According to a new study appearing in the Annals of Neurology, researchers found that speaking two or more languages has a positive effect on cognitive functioning later on in a person’s life, possibly slowing down cognitive decline due to aging. Although previous research has investigated the cognitive effect of learning more than one language, ruling out “reverse causality” has proven to be complicated.
According to the Alzheimer’s Association, dementia is a general term for a decline in mental ability severe enough to interfere with daily life. Memory loss is an example. Alzheimer’s is the most common type of dementia.
“Our study is the first to examine whether learning a second language impacts cognitive performance later in life while controlling for childhood intelligence,” said lead author Dr. Thomas Bak from the Centre for Cognitive Aging and Cognitive Epidemiology at the University of Edinburgh.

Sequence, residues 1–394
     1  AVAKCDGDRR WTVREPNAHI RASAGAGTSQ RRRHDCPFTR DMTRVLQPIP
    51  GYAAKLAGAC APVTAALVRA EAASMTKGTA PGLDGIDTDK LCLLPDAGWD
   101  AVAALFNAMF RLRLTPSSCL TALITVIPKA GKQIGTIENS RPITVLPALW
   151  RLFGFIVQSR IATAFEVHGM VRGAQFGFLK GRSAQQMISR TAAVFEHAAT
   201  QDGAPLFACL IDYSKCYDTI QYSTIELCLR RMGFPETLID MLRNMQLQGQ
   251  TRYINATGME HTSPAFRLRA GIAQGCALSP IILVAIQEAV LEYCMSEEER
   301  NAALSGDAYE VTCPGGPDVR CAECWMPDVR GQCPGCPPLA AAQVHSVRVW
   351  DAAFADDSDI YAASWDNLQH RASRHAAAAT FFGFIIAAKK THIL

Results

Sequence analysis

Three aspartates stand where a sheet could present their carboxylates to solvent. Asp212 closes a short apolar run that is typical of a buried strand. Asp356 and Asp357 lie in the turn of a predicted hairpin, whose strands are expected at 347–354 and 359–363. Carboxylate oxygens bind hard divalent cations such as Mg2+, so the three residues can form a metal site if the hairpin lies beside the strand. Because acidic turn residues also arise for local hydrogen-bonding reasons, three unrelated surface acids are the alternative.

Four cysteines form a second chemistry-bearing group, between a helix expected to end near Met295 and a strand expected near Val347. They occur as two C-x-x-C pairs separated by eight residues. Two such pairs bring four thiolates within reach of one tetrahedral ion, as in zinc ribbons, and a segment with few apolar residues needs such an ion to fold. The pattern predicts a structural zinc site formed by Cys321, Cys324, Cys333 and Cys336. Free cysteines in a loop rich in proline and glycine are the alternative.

In this latest study, researchers used data from the Lothian Birth Cohort 1936, comprised of 835 native speakers of English born and living in the area of Edinburgh, Scotland. The participants received an intelligence test in 1947 at age 11 years and then underwent retests in their early 70s, between 2008 and 2010. 262 participants reported the ability to communicate in at least one language other than English. 195 participants learned the second language before age 18.
The study findings indicate that those who spoke two or more languages had superior cognitive abilities compared to what would be expected from their baseline. The researchers observed the strongest effects in general intelligence and reading, present in those who learned their second language early as well as later in life.